I'm quite certain the following sentence is natural:

Ikuto was taking a picture of her.

But which of the following would be more common in spoken English?

Ikuto was recording a video of her.

Ikuto was taking a video of her.

My initial thought was that "recording" was the better choice here. But then I couldn't find evidence to back this up online.

Note that this sentence would be said when describing an illustration of a character named Ikuto recording a video of his friend. Since we have context, there would not be confusion when using "taking." In other words, it's clear that Ikuto isn't doing something like taking a DVD of "her" that was on the table, or anything like that.

Please help!

  • As a native speaker with three kids and many, many hours of video recordings, I would use recording a video to describe the actual filming (despite no film being involved any more) and making a video to describe the process of editing everything into a more finished product (with titles and such). making could also apply to a more involved production with multiple actors and sets and so on. Shooting a video would, to me, mean the same as the latter meaning of making. Jul 16 '18 at 17:44

In my experience, the most natural expression would be, "Ikuto was taping her." It sounds perfectly natural to say, ". . .taking a video of her," as well, although it wouldn't be my first choice in speech. If you wanted to use the word "recording," I would say, "Ikuto was recording her."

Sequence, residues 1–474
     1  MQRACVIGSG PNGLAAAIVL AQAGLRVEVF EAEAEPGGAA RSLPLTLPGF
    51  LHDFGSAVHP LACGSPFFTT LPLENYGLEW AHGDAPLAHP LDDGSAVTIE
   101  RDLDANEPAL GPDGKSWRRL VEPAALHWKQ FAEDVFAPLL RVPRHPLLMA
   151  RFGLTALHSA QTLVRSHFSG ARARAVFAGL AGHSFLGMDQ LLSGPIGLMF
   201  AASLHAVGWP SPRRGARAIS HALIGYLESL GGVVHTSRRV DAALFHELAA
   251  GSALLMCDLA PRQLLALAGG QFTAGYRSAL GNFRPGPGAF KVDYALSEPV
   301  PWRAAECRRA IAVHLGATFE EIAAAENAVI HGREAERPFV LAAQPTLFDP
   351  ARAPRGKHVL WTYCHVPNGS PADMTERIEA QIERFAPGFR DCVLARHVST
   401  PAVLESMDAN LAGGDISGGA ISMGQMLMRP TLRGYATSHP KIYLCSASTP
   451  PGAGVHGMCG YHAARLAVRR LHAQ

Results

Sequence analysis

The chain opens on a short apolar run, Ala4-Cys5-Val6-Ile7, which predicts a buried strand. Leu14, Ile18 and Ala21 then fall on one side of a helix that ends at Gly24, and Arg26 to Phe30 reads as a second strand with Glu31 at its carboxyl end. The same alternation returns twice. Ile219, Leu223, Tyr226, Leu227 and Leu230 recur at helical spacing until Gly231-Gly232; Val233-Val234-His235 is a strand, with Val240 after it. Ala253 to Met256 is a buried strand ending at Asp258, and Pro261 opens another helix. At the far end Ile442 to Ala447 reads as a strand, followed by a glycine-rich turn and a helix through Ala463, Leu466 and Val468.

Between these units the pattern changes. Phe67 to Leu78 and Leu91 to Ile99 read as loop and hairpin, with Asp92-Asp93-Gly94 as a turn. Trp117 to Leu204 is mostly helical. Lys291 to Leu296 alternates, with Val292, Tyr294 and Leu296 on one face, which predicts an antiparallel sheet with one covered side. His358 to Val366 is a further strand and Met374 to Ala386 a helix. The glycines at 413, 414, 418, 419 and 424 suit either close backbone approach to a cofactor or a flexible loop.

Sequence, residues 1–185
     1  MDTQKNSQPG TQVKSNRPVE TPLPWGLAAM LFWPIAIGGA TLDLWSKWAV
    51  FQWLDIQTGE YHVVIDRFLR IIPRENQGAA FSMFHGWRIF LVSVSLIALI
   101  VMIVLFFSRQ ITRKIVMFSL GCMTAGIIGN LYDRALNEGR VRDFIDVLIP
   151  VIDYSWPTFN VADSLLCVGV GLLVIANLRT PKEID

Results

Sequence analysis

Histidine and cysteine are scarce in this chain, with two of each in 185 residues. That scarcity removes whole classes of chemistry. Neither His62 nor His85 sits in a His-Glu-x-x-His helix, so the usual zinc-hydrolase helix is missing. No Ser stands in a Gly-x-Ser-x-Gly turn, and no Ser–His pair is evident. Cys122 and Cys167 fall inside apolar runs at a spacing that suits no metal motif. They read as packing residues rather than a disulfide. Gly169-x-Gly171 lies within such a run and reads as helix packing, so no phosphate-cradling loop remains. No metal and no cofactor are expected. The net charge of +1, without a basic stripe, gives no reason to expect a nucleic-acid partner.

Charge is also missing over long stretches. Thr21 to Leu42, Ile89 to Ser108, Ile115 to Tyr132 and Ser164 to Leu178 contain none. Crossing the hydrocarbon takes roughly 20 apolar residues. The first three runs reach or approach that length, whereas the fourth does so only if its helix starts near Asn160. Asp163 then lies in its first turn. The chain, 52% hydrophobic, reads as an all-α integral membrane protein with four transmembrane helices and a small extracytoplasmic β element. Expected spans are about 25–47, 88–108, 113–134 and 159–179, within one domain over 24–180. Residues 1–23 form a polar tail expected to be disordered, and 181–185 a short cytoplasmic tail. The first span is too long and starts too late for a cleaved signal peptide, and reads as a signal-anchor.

It mostly comes down to personal preference.

  • 1
    Is "taping" still relevant with modern-day video recorders, which are typically digital? I agree that "Ikuto was recording her" sounds natural. Thanks!
    – Niko
    Jul 16 '18 at 16:58
  • 1
    @Niko You could also say filming her and nobody would misunderstand. Jul 16 '18 at 16:59
  • @Niko At least where I am from (the Midwest), absolutely. The expression has become idiomatic. No one would think you were using actual magnetic tape. I agree with Jason that filming is also a perfectly natural construction (and similarly, does not carry connotation of being recorded using actual photographic film). Jul 16 '18 at 17:01

You could also say shooting a video or making a video.

There is nothing wrong with any of them.

However, if you're looking for what is the most common from among those four, Google Books Ngram Viewer suggests that making a video has the most use in print.

As for spoken English as opposed to written, I don't know. All would be equally understood.

  • 1
    In my experience, "making a video" refers to something a bit broader. For example, if Ikuto recorded his friend in a variety of different scenes, then combined them into a single video, that whole process is "making a video." I agree that "shooting a video" is good. Unfortunately, this sentence will be used as a sample answer to an ESL interview test question, and the students might not be familiar with the word "shooting."
    – Niko
    Jul 16 '18 at 16:56
  • @Niko, agreed- making a video is more about video-editing. If you look at actual instances of "making a video", it's things like "they will be making a video montage" and "Designing a System for Supporting the Process of Making a Video Sequence".
    – JavaLatte
    Jul 19 '18 at 3:19

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